At times like these you must be careful not to brim over with elation-into-crashing-despair.
They have a vat of boiling oil, which is just about tipping to the brim and aimed at the merry intruders.
On it are balanced a plate of eggs and toast, an open quart jar of grape jelly, and a beer mug full to the brim with orange juice.
And he had a cowboy hat that he liked touching, too—he smoothed the brim back like it was a ducktail haircut.
The pale blue lining of the brim of her satin hat perfectly matched the flowers on her jacket.
It was filled to the brim with precious stones, most of them removed from their settings.
To know that she was rich, that Paul was to be her husband, filled the cup of her desires to the brim.
Her straw hat was narrow of brim, banded with a black ribbon.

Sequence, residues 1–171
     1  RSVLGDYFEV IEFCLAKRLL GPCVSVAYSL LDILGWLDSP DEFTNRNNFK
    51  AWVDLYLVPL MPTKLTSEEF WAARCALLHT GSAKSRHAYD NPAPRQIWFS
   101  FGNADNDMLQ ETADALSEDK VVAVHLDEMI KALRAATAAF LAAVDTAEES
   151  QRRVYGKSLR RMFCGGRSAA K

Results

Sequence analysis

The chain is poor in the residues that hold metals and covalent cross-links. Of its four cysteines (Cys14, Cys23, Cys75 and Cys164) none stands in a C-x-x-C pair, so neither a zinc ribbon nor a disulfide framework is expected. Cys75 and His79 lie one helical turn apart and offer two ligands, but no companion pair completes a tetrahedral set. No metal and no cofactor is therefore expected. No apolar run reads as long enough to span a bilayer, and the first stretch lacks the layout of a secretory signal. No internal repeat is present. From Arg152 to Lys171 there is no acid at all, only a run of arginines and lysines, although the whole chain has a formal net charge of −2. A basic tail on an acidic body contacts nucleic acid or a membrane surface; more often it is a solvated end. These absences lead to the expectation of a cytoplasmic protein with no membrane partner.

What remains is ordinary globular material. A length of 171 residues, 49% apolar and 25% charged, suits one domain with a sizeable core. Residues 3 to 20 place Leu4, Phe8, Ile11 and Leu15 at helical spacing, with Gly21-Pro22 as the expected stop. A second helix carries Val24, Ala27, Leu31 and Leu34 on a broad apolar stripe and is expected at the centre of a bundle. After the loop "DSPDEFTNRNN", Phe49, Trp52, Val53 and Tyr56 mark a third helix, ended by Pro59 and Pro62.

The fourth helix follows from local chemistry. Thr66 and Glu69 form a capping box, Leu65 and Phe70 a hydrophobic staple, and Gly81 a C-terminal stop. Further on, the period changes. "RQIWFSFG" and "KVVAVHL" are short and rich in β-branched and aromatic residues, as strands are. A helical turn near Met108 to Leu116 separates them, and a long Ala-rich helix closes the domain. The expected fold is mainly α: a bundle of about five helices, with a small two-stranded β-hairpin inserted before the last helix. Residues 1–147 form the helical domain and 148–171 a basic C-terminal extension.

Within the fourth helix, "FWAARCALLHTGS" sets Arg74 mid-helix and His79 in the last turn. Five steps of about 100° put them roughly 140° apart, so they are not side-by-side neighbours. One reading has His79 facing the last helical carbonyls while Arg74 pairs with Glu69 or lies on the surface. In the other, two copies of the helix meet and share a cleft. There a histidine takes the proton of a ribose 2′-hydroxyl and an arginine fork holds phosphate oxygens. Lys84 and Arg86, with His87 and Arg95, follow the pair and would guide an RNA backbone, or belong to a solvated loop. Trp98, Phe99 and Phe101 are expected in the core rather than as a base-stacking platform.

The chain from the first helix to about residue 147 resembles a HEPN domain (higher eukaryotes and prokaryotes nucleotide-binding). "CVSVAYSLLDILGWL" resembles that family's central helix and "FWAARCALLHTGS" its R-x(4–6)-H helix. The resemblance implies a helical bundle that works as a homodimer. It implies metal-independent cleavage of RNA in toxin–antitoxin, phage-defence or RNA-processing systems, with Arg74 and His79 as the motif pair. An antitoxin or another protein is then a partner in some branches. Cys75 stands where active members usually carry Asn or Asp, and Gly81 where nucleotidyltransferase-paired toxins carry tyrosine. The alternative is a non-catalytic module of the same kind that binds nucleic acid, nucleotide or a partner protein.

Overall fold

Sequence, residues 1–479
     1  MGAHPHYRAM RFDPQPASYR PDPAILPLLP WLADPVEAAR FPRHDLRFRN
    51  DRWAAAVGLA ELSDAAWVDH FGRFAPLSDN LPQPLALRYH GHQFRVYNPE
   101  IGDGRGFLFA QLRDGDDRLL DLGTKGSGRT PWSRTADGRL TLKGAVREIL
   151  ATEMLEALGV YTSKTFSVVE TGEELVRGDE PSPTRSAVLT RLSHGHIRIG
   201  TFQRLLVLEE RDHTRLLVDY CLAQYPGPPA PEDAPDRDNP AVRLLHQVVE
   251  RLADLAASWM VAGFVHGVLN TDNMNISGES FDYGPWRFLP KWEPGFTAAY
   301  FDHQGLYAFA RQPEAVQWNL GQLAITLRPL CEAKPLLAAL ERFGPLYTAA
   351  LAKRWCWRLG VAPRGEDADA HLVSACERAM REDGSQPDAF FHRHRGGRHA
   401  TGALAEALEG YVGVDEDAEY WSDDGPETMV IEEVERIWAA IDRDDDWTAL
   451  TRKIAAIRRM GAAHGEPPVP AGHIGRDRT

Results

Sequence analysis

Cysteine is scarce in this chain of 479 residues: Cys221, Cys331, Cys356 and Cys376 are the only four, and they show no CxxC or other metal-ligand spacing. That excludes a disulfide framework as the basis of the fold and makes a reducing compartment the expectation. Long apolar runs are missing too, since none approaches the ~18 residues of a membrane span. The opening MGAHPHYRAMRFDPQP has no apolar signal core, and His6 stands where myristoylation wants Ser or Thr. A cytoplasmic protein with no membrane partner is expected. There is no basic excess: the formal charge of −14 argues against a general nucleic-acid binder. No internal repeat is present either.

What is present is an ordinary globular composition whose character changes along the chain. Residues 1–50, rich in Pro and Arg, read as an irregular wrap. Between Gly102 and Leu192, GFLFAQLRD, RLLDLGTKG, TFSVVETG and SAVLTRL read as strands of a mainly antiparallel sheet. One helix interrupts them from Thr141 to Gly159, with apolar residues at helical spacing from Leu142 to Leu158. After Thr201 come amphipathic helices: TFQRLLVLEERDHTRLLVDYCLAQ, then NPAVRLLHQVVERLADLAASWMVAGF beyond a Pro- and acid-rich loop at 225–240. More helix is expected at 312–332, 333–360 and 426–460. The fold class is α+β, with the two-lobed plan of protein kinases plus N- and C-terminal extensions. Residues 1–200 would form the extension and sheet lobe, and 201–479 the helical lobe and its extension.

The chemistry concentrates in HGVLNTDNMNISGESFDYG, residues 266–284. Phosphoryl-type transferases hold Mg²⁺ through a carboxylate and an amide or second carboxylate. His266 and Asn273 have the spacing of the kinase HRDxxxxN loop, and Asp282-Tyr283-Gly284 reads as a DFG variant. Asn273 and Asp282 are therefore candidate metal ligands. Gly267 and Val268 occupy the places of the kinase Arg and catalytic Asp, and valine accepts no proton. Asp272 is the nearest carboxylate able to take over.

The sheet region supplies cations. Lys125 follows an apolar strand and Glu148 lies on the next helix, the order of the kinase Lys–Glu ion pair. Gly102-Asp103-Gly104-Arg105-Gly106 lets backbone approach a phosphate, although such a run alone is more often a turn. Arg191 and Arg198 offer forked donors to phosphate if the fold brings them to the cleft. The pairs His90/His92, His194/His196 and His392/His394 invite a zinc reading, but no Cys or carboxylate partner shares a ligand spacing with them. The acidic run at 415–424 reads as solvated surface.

They brim over with the expressions of a tender and heartfelt love.
The two men inclined; Morosine lifted his hat, Ingram touched his brim.
c.1200, brymme "edge of the sea," of obscure origin, perhaps akin to Old Norse barmr "rim, brim," probably related to German bräme "margin, border, fringe," from PIE *bhrem- "point, spike, edge." (Old English had brim in the sense "sea, surf," but this probably was from the Germanic stem *brem- "to roar, rage.") Extended by 1520s to cups, basins, hats.
The rim of the upper opening of the pelvis.
A hat: nice brim, Indiana Jones